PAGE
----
By Maggie Phillips
Guest Blogger

Well, it’s that time of year again. That’s right, it’s Hispanic Heritage Month! Haven’t you been counting down on your Hispanic Heritage Month Advent calendar?

Just kidding. I’ll be honest, I had to look it up, myself.

For me, it always raises some interesting questions about my own Hispanic heritage. My grandmother was Mexican, which means I’m lucky enough to have a big Mexican family in El Paso, and I grew up hearing older ladies call me “mija.” On the other hand, my cousin had to send me a Mexican cookbook so we could both learn how to make authentic dishes from scratch.

I don’t speak Spanish, although I took it for a couple of years in high school from a teacher who was originally from Castile, Spain. That meant the dialect I was learning, with the lisping “th” instead of the “s” sound in certain places, would have definitely set me apart if I tried to order in Spanish at Avila’s.

Like many of my friends who, like me, have mixed (usually Anglo) and Hispanic heritage, answering ethnicity questions on surveys, applications, and other types of paperwork is always fraught. Do I “count” as Hispanic or not? After all, I’m only a quarter Mexican. On the other hand, not to mark Hispanic seems like erasing a crucial, colorful part of my story.

It doesn’t matter in the grand scheme of things, I suppose. But we still collect census data that aggregates information about different races in America. Political pollsters still group people by ethnicity to extrapolate how they might vote or which issues they care about. Any time I hear the news mention Hispanic voters, I wonder how many people responding are like me? Kind of Hispanic, but kind of something else. Since this is America, my guess is, probably quite a few of them.

For me, the question of how to reconcile the many different cultural identities I’ve inherited came when I actually made a recipe from the Mexican cookbook my cousin sent. It was chicken mole, slow-cooked chicken smothered with a smoky, savory, chocolate-y sauce.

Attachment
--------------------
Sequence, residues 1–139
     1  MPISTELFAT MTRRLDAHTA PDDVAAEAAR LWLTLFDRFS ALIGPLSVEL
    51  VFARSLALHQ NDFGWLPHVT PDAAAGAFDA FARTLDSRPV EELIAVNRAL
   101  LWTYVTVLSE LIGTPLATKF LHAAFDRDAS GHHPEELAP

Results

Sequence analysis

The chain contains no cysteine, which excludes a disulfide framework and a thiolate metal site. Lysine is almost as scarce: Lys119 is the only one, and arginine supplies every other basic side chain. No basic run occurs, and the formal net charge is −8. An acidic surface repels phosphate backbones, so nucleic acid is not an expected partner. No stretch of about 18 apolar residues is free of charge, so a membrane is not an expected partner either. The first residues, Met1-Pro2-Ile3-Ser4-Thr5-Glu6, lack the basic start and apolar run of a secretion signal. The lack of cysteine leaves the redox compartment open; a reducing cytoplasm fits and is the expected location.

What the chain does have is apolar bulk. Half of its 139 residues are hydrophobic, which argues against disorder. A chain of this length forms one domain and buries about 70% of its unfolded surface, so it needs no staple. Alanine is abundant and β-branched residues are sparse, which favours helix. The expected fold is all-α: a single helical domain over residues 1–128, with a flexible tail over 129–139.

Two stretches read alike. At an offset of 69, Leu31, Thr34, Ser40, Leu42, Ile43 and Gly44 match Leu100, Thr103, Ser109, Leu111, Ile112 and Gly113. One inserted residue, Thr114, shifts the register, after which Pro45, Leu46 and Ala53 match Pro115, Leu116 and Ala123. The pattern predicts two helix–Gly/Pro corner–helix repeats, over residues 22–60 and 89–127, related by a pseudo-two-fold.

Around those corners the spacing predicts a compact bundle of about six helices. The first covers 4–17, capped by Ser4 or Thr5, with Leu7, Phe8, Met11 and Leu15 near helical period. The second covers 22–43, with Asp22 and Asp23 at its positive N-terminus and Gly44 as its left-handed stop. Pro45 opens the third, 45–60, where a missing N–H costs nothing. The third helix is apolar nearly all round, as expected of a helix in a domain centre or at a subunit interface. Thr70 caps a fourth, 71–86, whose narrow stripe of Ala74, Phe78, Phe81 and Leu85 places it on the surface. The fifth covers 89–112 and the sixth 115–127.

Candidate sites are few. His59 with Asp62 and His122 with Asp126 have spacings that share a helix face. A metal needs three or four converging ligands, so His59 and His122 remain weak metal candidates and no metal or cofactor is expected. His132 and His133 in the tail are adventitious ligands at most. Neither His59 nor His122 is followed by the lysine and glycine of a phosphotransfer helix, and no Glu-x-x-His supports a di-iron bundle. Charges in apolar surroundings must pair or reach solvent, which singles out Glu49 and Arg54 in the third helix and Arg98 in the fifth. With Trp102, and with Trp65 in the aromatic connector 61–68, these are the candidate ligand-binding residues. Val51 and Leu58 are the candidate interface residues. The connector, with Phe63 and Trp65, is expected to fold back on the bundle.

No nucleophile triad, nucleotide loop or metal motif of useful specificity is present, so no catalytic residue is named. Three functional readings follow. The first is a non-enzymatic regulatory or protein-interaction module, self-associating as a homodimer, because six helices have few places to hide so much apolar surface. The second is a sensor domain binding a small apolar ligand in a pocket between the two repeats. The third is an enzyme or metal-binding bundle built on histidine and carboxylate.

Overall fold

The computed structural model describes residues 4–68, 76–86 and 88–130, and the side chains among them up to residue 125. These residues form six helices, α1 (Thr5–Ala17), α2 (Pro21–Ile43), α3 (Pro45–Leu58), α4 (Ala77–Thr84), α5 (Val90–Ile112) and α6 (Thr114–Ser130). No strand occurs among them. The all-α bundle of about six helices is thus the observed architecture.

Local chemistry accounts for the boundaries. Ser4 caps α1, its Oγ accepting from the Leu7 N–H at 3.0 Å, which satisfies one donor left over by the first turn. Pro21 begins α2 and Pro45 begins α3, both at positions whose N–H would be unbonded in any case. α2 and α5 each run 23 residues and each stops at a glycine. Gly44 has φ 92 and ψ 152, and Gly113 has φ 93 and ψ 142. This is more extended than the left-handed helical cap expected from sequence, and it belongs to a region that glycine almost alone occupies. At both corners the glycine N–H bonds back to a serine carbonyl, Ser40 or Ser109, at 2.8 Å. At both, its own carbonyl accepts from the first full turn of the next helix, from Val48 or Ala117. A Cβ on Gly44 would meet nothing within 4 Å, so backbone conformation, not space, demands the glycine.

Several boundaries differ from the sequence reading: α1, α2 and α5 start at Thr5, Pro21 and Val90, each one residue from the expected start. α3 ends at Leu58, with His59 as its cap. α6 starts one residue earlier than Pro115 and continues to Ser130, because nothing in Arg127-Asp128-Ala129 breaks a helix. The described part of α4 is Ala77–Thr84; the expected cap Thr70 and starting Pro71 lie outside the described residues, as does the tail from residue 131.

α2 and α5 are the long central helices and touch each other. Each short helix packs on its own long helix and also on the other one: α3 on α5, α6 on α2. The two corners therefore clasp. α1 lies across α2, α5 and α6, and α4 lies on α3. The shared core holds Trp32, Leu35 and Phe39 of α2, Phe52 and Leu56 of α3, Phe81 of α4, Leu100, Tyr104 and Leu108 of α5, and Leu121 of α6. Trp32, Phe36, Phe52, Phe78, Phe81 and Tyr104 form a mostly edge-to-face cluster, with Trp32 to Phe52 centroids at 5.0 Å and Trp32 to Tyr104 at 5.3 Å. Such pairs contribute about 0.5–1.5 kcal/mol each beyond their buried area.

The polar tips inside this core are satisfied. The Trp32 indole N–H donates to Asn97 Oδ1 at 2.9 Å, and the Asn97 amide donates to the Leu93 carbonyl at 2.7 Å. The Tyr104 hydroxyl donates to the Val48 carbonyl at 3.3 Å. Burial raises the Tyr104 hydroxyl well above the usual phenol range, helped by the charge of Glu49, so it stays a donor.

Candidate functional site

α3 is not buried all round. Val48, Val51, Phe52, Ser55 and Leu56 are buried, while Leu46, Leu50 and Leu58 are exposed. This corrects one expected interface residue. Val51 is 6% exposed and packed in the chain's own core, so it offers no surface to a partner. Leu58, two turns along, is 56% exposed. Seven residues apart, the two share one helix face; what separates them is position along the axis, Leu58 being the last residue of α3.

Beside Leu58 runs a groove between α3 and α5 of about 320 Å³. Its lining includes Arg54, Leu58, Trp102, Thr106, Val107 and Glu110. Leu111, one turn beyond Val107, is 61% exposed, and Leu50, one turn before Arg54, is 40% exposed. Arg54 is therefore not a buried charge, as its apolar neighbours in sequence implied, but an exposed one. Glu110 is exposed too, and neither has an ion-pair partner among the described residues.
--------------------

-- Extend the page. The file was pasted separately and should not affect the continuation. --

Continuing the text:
The recipe promised a half hour. But there were a lot of preliminaries to work out, so it maybe took me a half hour just to prep all the ingredients. However, slowly everything started to come together.

Then, out of nowhere, I was transported suddenly back in time. The smell hit me and I was taken to afternoons at the house of my mother’s grandmother. She used to make mole for us when we’d come to visit her, when I was perhaps four or five years old. Although I had likely not smelled or tasted homemade mole in over 20 years, when I held my cooking spoon up to my lips for a taste, I laughed out loud.

Yes, this is how I remembered it, beyond a doubt!

It was this experience that helped me understand why I would always claim Hispanic heritage, despite not being the most culturally knowledgeable, or even speaking Spanish. Speaking up about my Mexican ancestry matters because the story of the little old woman who used to make mole for me and my family matters. She was born in Mexico, and came over as a young girl to escape a dangerous life for her and her family. The story of her daughters, who went to school, worked, and raised families in this country matter. It matters because where we come from matters.

In the final analysis, my heritage isn’t finally about me, and whether I can meet an arbitrary set of standards to qualify for membership in a census category. Heritage is about being a part of something bigger than yourself, of being shaped by something that is the product of generations of experience and (hopefully) wisdom. It’s not about how I define my own personal heritage, but how the men and women who have gone before me have formed me, and through me, future generations.

Recipe: Mole Poblano